He slipped past ‘Vincent’s (slightly used) Vulvas!’ and ‘Here’s Lookin' at You, Kid!’ before reaching his destination, mumbling the occasional ‘excuse me’ and ‘sorry’ to the variety of creatures that had followed their own unique rituals to come into this world.

He was glad to find the queue wasn’t really a queue at all – someone stood at the table, with just one very tall bipedal creature with huge, hunched shoulders ahead of him, waiting for the last transaction to finish up. When the being turned around to see what the tiny human behind him was doing, Kit saw they had no face, yet they still managed to grunt, though if it was in greeting or disgust, Kit couldn’t be sure.

When the tall thing reached the front, they took a machete from the pocket of their long, dark coat. No-one seemed shocked or even surprised at the action, not even when the being bent himself down and began to chop at their ankle. Only the noise of the blade slicing flesh, cutting tendons, smashing through bone, was present, rather than the screams of anguish and noises of panic that would be displayed within the world of humans.

Even Kit was becoming somewhat immune to the sight of extreme self-mutilation, although words flashing through his mind such as ‘sinew’ and ‘throbbing gristle’ still offered an element of disgust.

Kit’s own shin ached in sympathy, then he realised the being was literally radiating pain – sharing it out amongst creatures within a certain radius, as some now walked with a slightly uncomfortable limp whilst others shot daggers at the thing, clearly not impressed by their technique at dealing with the pain.

It seemed like a wise idea, really – rather than absorbing all that pain on ones’ own, share it out in small doses to those around you. Still, it all seemed rather invasive without asking permission, first.

Job done, the tall being dumped its butchered foot on the table. Kit wondered if he would ever be so addicted that he would willingly cripple himself, and, in a sudden moment of realisation, he figured out why exactly the creature in front of him didn’t have a face. He would never get that desperate, right?

The sale in front of him concluded, and the tender was doing a poor job of cleaning up the blood that had pooled on the table, and had apparently pooled there many times before, if the stains were to go by. Maybe that was why he didn’t exactly seem to care, and why this table wasn’t as busy as some.

Beckoned forward by the seller, a squat man who seemed human enough, with a bald, greasy head and tiny eyes, Kit grabbed his ‘sacrifice’ from his pocket and approached, spreading them out onto the table. The man eyed them with disinterest. He got countless numbers of this cheap tat every day, but no-one could afford to turn down a customer who may one day be desperate enough to sacrifice an arm and a leg, so he dealt with these piddly offers the best way he could.

Picking them up one at a time, making a big deal about checking their cut-marks, how decomposed they were, even their temperature. Kit knew there was a market for everything here, from the fresh to the totally mummified, but fresh tended to sell better – so did the ones with neater cut marks, and lighter skin tones.

He looked down at the table as there was a series of clattering noises.

“We don’t take the ring-things here. Take back to human world, maybe they give you money, cash.”

The man spoke in a definite Russian accent, sharp and blunt, but with slang he had probably picked up from working here. They used the slang that the alleyway world did too, which Kit was slowly getting the hang of, for the good it did him.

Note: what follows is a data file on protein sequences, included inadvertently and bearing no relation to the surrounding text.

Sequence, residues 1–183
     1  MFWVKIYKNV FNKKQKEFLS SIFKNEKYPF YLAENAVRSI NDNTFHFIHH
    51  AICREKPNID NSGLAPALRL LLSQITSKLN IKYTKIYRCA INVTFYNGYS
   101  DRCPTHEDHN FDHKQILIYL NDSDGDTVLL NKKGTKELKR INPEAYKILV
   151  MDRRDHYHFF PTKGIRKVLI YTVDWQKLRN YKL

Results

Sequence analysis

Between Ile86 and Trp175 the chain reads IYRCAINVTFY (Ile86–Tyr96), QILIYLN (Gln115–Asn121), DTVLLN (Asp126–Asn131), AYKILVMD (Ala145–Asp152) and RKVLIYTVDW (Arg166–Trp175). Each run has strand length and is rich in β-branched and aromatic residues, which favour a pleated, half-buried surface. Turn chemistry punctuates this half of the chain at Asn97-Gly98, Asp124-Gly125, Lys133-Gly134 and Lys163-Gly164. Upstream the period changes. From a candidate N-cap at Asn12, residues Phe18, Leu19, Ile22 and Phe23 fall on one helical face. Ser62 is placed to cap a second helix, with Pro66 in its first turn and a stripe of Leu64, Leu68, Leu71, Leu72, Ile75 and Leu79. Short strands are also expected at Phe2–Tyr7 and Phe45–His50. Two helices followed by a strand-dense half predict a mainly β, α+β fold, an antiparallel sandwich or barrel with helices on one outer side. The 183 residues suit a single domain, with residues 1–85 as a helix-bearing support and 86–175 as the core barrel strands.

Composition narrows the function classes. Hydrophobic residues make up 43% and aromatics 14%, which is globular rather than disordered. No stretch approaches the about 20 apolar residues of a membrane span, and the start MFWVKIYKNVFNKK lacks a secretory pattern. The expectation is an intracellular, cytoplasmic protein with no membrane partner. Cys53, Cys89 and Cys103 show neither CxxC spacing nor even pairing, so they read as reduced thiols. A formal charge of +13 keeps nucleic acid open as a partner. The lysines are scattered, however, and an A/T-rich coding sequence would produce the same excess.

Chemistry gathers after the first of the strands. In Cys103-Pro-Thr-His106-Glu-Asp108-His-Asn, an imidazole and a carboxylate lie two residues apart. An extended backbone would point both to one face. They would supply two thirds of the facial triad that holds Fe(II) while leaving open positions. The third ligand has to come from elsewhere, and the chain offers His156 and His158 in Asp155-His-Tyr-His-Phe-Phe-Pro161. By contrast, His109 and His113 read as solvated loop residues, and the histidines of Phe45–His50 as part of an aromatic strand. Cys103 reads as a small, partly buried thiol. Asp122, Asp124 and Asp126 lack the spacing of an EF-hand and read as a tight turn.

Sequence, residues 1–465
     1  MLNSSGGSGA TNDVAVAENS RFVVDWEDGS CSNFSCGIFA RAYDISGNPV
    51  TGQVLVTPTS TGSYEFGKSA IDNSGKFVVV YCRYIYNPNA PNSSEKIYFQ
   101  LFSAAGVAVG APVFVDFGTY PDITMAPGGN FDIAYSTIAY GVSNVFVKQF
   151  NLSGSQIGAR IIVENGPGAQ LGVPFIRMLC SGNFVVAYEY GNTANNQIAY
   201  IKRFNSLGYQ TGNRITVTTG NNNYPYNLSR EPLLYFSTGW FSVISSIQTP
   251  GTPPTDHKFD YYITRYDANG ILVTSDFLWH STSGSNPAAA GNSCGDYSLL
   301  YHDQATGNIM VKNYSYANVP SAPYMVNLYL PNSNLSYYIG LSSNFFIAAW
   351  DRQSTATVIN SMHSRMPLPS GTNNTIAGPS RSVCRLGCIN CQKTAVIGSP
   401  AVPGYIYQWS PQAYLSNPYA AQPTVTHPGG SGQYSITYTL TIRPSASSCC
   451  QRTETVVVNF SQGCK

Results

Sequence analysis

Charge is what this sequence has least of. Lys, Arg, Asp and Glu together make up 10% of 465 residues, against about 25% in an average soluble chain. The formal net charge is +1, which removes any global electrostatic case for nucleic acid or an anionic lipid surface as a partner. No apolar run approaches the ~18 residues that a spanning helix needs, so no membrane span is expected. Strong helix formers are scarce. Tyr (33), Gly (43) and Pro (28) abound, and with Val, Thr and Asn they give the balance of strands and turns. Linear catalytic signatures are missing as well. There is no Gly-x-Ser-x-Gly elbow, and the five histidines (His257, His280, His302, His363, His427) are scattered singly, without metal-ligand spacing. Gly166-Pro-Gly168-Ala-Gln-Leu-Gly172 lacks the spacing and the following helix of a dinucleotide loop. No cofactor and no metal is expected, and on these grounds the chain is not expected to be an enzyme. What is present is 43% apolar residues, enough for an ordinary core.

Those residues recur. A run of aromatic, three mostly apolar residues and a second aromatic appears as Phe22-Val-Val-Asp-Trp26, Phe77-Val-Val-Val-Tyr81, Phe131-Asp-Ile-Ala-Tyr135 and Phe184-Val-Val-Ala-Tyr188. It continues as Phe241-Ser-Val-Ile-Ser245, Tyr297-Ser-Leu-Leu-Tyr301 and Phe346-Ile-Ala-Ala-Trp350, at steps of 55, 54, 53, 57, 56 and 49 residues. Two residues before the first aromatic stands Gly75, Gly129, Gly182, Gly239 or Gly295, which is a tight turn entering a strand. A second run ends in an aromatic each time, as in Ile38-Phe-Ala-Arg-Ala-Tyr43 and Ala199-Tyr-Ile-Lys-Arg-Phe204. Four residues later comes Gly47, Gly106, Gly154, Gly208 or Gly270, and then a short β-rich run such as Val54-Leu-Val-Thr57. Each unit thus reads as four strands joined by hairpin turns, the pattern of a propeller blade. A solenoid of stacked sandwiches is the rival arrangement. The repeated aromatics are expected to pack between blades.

“That’s fine, fine.” He muttered, simply, collecting up the rings that had been removed from the fingers and slipping them into his pocket. Two plain gold bands – or maybe just gold-plated – and a silver ring with a low-quality diamond. Cash wasn’t really forefront in his mind right now, but he was sure it would be next time he needed tobacco.

“Okay, kitlet. That’s a lock.” The man said, and Kit let out a breath that he didn’t know he had been holding. So far, he hadn’t had a no to anything he had brought in as a sacrifice, but Lady Luck wasn’t exactly known to be a friend of his, so he expected that to be challenged, one day.

The Russian reached inside his trenchcoat and got out a tiny vial, letting Kit see the goods inside – Kit examining it just as closely as the seller had done with the fingers, looking at its quality. The colour of the petals – purple, with a hint of blue at the end. Good stuff then. Not top of the line, but good. They curled in slightly, so he knew it was freshly produced – however it was produced – and it would last him a while. An increasingly short amount of time, but he didn't really want to think about that just then.

“No touch, no smell,” the seller recited, as if Kit was going to ask, when he knew better than that by now. Kit was entranced by the flower as he had been so many times before, but snapped out of it when he paused to actually count the petals.

“…Four? Only four?! I gave you…” His shaking hands spread the dismembered fingers across the seller’s filthy table. “…Six. Six perfectly good fingers!”

The seller smirked, Kit’s shaking hands speaking volumes, telling him he could have offered him less and Kit would have been convinced to take it. Still, he wanted his prey customer to keep coming back for more.

“Supply and demand, kitlet. Come back, an arm, a leg? Maybe we talk.” The man shrugged.

“Fine.” Kit muttered, curtly. “That’s a lock, you…” He thought better of cursing the man out, knowing it wouldn’t do anything worthwhile anyway. Instead, he snatched the small vial before any more deals could be discussed – and before he could change his mind and storm off to get a quote from the stars elsewhere.

Kit disappeared into the crowd, little more than a speck on most people’s radar, apart from a set of dark blue eyes watching from in between two stores.

“Oh Kit… What have you got yourself into now?” The voice whispered, forlornly, before the eyes – and their owner – sunk back into the darkness to watch the rest of the Market from the shadows.